12. The deputation expressed grave concern about the confusion brought about by the recent changes in housing policy and urged the Administration to conduct a comprehensive review on the existing housing policy. The deputation also considered that the new flexible discount rates were beneficial to purchasers and should be extended to cover HOS Phases 18, 19A and 19B owners for the sake of equity.
Meeting with the Administration
(PLC Paper No. CB(1) 1073 and 1102(06))
13. Before commencing discussion, DS for H clarified that the decline in the HOS secondary market was a result of the recent financial crisis rather than the launching of TPS. He added that TPS was one of the vehicles to achieve the housing target of home ownership rate of 70% by the year 2007. Details of other initiatives such as the option to buy or rent a PRH flat, was being drawn up and a finalized package would be submitted to HB shortly. To ascertain the effectiveness of TPS, the Administration had conducted a review of the Scheme and the relevant report would be made available for the Home Ownership Committee of HA in May 1998.
14. Members considered that apart from tenants of TPS Phase I estates, the Administration should also refund HOS deposits to other Green Form buyers since the selection of estates under TPS Phase I was only an administrative decision. Other estates would be included under TPS sooner or later. Hence their status was no different from TPS Phase I tenants and they should be treated on equal terms regarding the refund. DD/W explained that the refund of HOS deposits was an exceptional arrangement to take account of the fact that tenants concerned were not aware of the alternative of buying their own PRH flats when they purchased HOS flats. As such, the refund should only apply to tenants of TPS Phase I estates. He emphasized that only tenants who had not yet completed the assignments for HOS flats would be eligible for the refund, and that these tenants were required to sign an undertaking to ensure that they would buy their PRH flats upon rescission.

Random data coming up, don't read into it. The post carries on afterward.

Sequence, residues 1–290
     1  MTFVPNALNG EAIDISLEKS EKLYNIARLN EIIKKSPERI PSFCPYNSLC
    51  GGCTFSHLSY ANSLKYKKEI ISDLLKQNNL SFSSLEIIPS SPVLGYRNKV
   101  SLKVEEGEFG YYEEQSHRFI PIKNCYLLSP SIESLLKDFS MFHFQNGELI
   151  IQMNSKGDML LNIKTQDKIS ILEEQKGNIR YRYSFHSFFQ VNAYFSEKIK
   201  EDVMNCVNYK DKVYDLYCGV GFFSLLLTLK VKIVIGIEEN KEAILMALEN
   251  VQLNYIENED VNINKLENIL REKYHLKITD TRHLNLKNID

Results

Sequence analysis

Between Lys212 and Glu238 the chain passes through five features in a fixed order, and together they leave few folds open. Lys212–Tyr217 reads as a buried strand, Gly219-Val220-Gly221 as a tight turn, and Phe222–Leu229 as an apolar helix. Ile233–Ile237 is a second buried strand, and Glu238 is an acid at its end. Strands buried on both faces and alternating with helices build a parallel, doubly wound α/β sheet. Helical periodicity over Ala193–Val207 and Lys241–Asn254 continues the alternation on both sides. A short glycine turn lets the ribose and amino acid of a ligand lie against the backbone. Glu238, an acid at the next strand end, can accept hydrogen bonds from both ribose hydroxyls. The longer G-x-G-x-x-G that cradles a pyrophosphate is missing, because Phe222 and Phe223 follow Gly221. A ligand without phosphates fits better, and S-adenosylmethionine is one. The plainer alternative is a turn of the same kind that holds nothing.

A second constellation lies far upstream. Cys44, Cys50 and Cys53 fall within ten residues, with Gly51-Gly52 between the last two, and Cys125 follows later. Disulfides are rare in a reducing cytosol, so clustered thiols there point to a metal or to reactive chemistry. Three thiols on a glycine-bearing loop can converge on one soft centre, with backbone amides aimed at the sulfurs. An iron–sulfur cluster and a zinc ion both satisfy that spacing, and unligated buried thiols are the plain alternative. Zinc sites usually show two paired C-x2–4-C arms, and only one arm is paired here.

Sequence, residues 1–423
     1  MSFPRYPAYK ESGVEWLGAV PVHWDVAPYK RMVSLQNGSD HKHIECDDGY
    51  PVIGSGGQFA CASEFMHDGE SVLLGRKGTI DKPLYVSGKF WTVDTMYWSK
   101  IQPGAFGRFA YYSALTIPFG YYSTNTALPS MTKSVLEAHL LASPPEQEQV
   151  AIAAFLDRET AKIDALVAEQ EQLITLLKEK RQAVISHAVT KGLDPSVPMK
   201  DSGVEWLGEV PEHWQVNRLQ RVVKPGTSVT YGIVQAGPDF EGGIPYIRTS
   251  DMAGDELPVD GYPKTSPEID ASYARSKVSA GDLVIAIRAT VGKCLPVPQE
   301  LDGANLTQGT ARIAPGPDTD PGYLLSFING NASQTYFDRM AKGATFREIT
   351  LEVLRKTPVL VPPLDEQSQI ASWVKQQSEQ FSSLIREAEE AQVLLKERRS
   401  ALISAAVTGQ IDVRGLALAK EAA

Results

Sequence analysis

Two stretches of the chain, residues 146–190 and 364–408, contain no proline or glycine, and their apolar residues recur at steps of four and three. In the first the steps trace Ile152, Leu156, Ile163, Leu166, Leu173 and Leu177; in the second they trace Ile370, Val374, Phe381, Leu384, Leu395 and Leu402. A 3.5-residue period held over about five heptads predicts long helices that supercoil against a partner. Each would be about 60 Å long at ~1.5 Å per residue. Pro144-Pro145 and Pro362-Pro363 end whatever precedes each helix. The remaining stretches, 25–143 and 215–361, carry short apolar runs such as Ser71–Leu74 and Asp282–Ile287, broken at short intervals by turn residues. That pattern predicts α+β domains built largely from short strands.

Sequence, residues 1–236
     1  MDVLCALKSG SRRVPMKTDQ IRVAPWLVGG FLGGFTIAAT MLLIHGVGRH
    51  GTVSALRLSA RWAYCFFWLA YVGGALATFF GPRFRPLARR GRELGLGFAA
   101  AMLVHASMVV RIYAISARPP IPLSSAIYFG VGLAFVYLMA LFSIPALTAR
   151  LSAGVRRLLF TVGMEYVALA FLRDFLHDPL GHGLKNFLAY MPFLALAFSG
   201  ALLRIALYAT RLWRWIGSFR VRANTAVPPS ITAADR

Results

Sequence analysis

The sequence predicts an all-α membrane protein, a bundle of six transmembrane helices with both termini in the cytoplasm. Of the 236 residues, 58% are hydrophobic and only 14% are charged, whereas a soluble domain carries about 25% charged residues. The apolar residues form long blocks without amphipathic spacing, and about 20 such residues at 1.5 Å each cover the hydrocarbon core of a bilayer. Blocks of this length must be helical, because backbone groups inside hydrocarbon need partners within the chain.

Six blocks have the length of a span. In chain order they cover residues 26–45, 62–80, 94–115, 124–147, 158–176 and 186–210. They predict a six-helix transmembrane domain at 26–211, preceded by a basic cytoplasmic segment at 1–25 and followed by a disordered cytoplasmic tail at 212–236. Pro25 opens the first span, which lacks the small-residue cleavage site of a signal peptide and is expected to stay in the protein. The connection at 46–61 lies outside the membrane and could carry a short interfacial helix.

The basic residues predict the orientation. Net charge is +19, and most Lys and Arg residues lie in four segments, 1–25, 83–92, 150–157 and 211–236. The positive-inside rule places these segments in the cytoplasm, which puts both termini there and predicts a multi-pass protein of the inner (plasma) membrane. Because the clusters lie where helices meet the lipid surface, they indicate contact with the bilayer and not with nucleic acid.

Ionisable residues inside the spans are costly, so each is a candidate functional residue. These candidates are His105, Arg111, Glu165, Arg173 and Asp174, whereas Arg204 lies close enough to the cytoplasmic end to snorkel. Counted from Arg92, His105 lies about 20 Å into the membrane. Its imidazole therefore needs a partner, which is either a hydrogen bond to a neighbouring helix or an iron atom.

|15. On the suggestion of allowing HOS Phases 18, 19A and 19B owners to enjoy the same flexible discount rates under Phase 19C, DD/W advised that this had been discarded by the Home Ownership Committee of HA on the ground that owners concerned had already completed the Agreement for Sale and Purchase for HOS flats. It was therefore not appropriate for HA to change the terms and conditions in these Agreements. Members were not convinced of the Administration's explanations as the refund of HOS deposits to TPS Phase I tenants was already a violation of agreement terms. Given the intention of the flexible discount rates to alleviate the financial hardship of HOS buyers, this should be extended to cover HOS Phases 18, 19A and 19B owners who had been affected immediately by the high mortgage interest rate brought about by the recent economic turmoil. Furthermore, the difference in sale prices would be reflected in the premium upon resale. A member remarked that a change in terms and conditions would not be considered as a violation with the consent of the contracting parties. For example, the waiving of the three-month notice period for termination of rental tenancies of commercial premises in HA-managed shopping centres. DD/W clarified that the introduction of the flexible discount rates was to take account of the wide public acceptance of the TPS model for flexibility in the initial payment, and it was not because of the economic downturn. He nevertheless undertook to relay members' concern to HA for consideration.
16. Members remained unconvinced of the Administration's explanation. As a consolidated view of the Panel, the Chairman moved and members passed the following motion:
"That this Panel urges the Housing Authority to allow flat-buyers under the Home Ownership Scheme (HOS) and Private Sector Participation Scheme who have not yet executed the assignments to enjoy the same flexible discount rates which are offered to Phase 19C HOS flat-buyers and to review the arrangement on deposits from those buyers who rescind their purchases."
(Post-meeting note: A letter to the Administration on the motion was issued on 13 March 1998.)
V Matters arising
On Ning Garden
17. Owing to time constraints, members agreed to defer discussion of the item to the meeting on Monday, 30 March 1998.
VI Any other business
18. There being no other business, the meeting ended at 10:45 am.
Provisional Legislative Council Secretariat
17 June 1998